Churchill the Appeaser?
On Bonfire Night, 5 November 1944, a German V-1 'flying bomb' landed in Sussex. Nothing surprising in that: southern England had been under fire since June. But this V-1 carried propaganda not explosives. Its four-page leaflet explaining why Britain should sue for peace ended with a V-1 shaped crossword. The clues and answers included the following:
He is your enemy, too. Bolshevik.
He wants all you have got. Roosevelt.
Britain has none at inter-Allied conferences.Voice.
At Tehran, Churchill practically did this before Stalin. Knelt.1
The claim that Churchill had sold out Britain to America and Russia was a staple of Nazi wartime propaganda. As the Yalta conference was beginning in February 1945, Hitler denounced Churchill for living in the past:
The crucial new factor is the existence of these two giants, the United States and Russia.
Pitt's England ensured the balance of world power by preventing the hegemony of
Europe—by preventing Napoleon, that is, from attaining his goal.… If fate had granted
to an ageing and enfeebled Britain a new Pitt instead of this Jew-ridden, half-American
drunkard, the new Pitt would at once have recognised that Britain's traditional policy of
balance of power would now have to be applied on a different scale, and this time on a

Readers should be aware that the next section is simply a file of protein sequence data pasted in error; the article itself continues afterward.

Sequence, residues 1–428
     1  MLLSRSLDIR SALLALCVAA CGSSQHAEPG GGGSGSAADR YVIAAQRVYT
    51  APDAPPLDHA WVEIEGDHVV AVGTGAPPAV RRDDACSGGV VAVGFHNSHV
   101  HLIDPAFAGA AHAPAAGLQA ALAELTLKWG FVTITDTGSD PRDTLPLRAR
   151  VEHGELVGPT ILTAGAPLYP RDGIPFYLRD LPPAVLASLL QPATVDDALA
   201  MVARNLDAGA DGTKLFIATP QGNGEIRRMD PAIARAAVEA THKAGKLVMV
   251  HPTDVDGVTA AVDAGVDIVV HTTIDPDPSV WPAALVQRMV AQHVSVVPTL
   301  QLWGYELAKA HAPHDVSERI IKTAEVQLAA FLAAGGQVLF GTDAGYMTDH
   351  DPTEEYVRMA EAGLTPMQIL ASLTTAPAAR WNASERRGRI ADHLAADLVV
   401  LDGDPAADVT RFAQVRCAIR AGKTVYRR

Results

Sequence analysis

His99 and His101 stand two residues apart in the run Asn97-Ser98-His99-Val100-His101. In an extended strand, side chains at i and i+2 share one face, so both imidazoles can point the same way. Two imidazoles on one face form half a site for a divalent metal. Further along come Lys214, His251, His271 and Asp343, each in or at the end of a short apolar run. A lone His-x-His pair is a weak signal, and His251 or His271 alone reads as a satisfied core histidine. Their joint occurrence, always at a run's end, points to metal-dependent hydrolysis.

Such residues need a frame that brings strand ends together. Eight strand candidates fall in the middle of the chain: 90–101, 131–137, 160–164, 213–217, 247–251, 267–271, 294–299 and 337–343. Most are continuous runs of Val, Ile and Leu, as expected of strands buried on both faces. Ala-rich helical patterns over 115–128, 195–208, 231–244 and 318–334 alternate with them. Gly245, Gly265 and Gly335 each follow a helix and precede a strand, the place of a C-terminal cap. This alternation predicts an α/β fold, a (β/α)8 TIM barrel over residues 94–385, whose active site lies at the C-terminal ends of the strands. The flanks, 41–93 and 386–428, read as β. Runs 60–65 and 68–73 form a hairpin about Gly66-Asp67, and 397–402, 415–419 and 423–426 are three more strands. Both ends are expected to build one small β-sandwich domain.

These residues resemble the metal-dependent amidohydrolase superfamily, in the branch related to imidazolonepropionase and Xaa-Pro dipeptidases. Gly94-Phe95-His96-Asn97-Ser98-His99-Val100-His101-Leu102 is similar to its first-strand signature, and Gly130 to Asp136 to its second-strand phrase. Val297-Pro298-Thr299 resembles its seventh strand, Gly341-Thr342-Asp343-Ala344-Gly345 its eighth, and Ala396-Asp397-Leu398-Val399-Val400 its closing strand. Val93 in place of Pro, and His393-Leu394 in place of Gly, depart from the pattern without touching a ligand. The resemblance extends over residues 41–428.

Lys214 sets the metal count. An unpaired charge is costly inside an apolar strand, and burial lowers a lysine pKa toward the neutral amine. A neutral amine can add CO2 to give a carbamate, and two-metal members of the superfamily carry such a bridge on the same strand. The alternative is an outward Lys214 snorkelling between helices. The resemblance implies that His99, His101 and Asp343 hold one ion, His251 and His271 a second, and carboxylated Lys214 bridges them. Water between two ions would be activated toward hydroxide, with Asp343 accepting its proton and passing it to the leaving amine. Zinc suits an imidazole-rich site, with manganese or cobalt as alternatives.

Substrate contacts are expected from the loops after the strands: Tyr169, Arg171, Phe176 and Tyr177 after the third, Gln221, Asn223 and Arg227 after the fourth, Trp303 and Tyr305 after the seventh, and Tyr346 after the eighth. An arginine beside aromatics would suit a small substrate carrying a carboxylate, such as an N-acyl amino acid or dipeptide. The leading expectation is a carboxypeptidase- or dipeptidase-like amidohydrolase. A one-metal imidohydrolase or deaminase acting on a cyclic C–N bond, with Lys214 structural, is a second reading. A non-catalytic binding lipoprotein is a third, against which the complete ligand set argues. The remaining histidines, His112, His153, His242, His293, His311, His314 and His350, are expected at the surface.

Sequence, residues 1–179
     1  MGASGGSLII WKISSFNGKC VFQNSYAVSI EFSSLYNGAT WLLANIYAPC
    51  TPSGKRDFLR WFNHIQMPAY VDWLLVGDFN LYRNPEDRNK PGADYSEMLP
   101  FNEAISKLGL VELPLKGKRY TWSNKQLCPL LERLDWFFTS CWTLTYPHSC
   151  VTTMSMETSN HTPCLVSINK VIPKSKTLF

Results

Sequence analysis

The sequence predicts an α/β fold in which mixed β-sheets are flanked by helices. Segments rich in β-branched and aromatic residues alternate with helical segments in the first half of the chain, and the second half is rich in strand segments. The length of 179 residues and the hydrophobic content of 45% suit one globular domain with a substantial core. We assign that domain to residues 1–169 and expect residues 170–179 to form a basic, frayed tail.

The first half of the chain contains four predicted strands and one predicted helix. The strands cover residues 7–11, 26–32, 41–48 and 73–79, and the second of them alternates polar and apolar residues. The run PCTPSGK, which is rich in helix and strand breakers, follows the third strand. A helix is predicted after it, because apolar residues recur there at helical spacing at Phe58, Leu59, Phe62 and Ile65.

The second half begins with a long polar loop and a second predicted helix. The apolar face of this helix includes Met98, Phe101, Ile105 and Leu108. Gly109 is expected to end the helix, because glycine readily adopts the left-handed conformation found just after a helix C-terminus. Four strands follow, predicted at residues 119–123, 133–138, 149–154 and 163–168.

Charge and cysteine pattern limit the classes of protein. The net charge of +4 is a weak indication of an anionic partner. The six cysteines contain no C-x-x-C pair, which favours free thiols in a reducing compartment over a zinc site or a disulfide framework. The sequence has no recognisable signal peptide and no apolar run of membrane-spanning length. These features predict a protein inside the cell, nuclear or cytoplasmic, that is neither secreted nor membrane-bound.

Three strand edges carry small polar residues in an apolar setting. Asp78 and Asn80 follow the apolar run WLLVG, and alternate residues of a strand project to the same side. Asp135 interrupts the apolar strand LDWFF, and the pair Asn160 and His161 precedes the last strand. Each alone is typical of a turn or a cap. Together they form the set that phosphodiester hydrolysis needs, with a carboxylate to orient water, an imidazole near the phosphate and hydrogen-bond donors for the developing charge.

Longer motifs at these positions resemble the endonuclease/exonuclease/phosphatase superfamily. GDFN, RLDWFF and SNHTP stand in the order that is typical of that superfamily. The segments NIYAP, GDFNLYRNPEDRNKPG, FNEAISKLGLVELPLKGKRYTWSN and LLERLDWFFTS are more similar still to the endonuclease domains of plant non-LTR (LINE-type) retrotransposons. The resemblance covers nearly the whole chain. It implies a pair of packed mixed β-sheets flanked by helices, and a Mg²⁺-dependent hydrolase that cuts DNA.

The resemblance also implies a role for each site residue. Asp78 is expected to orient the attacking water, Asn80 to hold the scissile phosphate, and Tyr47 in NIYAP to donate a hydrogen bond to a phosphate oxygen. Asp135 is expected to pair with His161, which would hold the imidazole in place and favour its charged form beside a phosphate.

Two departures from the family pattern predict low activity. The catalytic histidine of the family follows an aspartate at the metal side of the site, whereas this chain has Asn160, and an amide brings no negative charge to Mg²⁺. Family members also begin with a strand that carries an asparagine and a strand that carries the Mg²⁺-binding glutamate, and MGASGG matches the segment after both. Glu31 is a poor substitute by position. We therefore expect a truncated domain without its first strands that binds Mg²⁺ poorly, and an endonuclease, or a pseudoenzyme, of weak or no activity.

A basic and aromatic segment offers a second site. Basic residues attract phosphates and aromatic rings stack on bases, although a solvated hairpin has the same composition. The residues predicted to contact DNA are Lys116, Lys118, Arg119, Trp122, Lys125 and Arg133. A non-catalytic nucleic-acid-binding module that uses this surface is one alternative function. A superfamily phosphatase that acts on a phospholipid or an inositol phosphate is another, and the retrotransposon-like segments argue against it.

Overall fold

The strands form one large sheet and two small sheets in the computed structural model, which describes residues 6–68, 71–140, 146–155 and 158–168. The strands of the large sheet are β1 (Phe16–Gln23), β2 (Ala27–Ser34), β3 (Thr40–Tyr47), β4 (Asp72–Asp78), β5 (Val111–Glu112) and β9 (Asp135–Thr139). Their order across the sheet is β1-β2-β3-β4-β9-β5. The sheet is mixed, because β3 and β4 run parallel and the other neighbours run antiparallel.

world scale. Instead of maintaining, creating and adding fuel to European rivalries
Britain ought to do her utmost to encourage and bring about a unification of Europe.
In these final outpourings, Hitler argued that he had given Churchill plenty of opportunity for 'grasping the truth of this great policy' and allowing Germany a free hand on the Continent. Britain 'could have pulled her chestnuts out of the fire' after the defeat of Poland or the fall of France. 'At the beginning of 1941,' Hitler claimed, 'after her success in North Africa had re-established her prestige,
Apart from a few cuts to avoid overlap with Chapters 4 and 6, this chapter appears as first published
in a festschrift for Zara Steiner—see Michael Dockrill and Brian McKercher, eds., Diplomacy
and World Power: Studies in British Foreign Policy, 1900–1950 (Cambridge, 1996), 197–220.
The editors and Prof. Peter Clarke kindly commented on a draft version.
1 CAB 66/57, WP (44) 642 (TNA); cf. Sunday Dispatch, 13 Jan. 1945, p. 4.